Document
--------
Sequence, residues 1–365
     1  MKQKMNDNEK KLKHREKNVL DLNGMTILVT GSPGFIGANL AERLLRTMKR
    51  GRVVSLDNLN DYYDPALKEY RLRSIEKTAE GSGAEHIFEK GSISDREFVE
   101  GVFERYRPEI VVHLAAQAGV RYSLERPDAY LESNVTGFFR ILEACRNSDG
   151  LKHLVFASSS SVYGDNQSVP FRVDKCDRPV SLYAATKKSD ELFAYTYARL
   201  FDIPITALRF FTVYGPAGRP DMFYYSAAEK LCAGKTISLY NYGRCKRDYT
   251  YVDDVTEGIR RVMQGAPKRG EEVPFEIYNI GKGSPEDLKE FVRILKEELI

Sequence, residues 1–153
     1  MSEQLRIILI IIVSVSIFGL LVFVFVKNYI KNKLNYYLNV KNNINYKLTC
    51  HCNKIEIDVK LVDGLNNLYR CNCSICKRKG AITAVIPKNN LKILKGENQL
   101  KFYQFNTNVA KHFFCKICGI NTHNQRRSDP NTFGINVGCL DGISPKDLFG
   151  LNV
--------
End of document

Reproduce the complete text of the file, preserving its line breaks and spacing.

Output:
Sequence, residues 1–365
     1  MKQKMNDNEK KLKHREKNVL DLNGMTILVT GSPGFIGANL AERLLRTMKR
    51  GRVVSLDNLN DYYDPALKEY RLRSIEKTAE GSGAEHIFEK GSISDREFVE
   101  GVFERYRPEI VVHLAAQAGV RYSLERPDAY LESNVTGFFR ILEACRNSDG
   151  LKHLVFASSS SVYGDNQSVP FRVDKCDRPV SLYAATKKSD ELFAYTYARL
   201  FDIPITALRF FTVYGPAGRP DMFYYSAAEK LCAGKTISLY NYGRCKRDYT
   251  YVDDVTEGIR RVMQGAPKRG EEVPFEIYNI GKGSPEDLKE FVRILKEELI

Sequence, residues 1–153
     1  MSEQLRIILI IIVSVSIFGL LVFVFVKNYI KNKLNYYLNV KNNINYKLTC
    51  HCNKIEIDVK LVDGLNNLYR CNCSICKRKG AITAVIPKNN LKILKGENQL
   101  KFYQFNTNVA KHFFCKICGI NTHNQRRSDP NTFGINVGCL DGISPKDLFG
   151  LNV